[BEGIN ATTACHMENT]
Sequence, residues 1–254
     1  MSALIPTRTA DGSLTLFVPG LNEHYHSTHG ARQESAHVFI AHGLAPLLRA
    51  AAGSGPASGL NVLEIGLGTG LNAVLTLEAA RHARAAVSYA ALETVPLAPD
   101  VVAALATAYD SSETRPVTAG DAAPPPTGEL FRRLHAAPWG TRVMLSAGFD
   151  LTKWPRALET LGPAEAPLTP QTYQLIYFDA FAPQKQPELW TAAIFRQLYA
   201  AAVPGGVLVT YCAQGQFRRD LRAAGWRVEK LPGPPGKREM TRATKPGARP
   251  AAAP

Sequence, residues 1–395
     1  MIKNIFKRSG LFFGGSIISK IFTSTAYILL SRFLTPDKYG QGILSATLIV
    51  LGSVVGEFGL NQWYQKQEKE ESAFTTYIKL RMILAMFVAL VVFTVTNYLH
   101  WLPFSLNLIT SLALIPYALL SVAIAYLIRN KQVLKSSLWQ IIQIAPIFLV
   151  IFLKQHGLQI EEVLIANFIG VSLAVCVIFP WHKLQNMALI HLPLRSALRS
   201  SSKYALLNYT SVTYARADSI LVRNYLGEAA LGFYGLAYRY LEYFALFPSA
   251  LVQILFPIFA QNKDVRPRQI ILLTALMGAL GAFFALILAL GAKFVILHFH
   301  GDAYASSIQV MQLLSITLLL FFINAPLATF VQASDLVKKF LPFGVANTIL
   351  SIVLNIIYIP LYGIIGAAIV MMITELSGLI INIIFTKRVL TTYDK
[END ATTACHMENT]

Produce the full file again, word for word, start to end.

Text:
Sequence, residues 1–254
     1  MSALIPTRTA DGSLTLFVPG LNEHYHSTHG ARQESAHVFI AHGLAPLLRA
    51  AAGSGPASGL NVLEIGLGTG LNAVLTLEAA RHARAAVSYA ALETVPLAPD
   101  VVAALATAYD SSETRPVTAG DAAPPPTGEL FRRLHAAPWG TRVMLSAGFD
   151  LTKWPRALET LGPAEAPLTP QTYQLIYFDA FAPQKQPELW TAAIFRQLYA
   201  AAVPGGVLVT YCAQGQFRRD LRAAGWRVEK LPGPPGKREM TRATKPGARP
   251  AAAP

Sequence, residues 1–395
     1  MIKNIFKRSG LFFGGSIISK IFTSTAYILL SRFLTPDKYG QGILSATLIV
    51  LGSVVGEFGL NQWYQKQEKE ESAFTTYIKL RMILAMFVAL VVFTVTNYLH
   101  WLPFSLNLIT SLALIPYALL SVAIAYLIRN KQVLKSSLWQ IIQIAPIFLV
   151  IFLKQHGLQI EEVLIANFIG VSLAVCVIFP WHKLQNMALI HLPLRSALRS
   201  SSKYALLNYT SVTYARADSI LVRNYLGEAA LGFYGLAYRY LEYFALFPSA
   251  LVQILFPIFA QNKDVRPRQI ILLTALMGAL GAFFALILAL GAKFVILHFH
   301  GDAYASSIQV MQLLSITLLL FFINAPLATF VQASDLVKKF LPFGVANTIL
   351  SIVLNIIYIP LYGIIGAAIV MMITELSGLI INIIFTKRVL TTYDK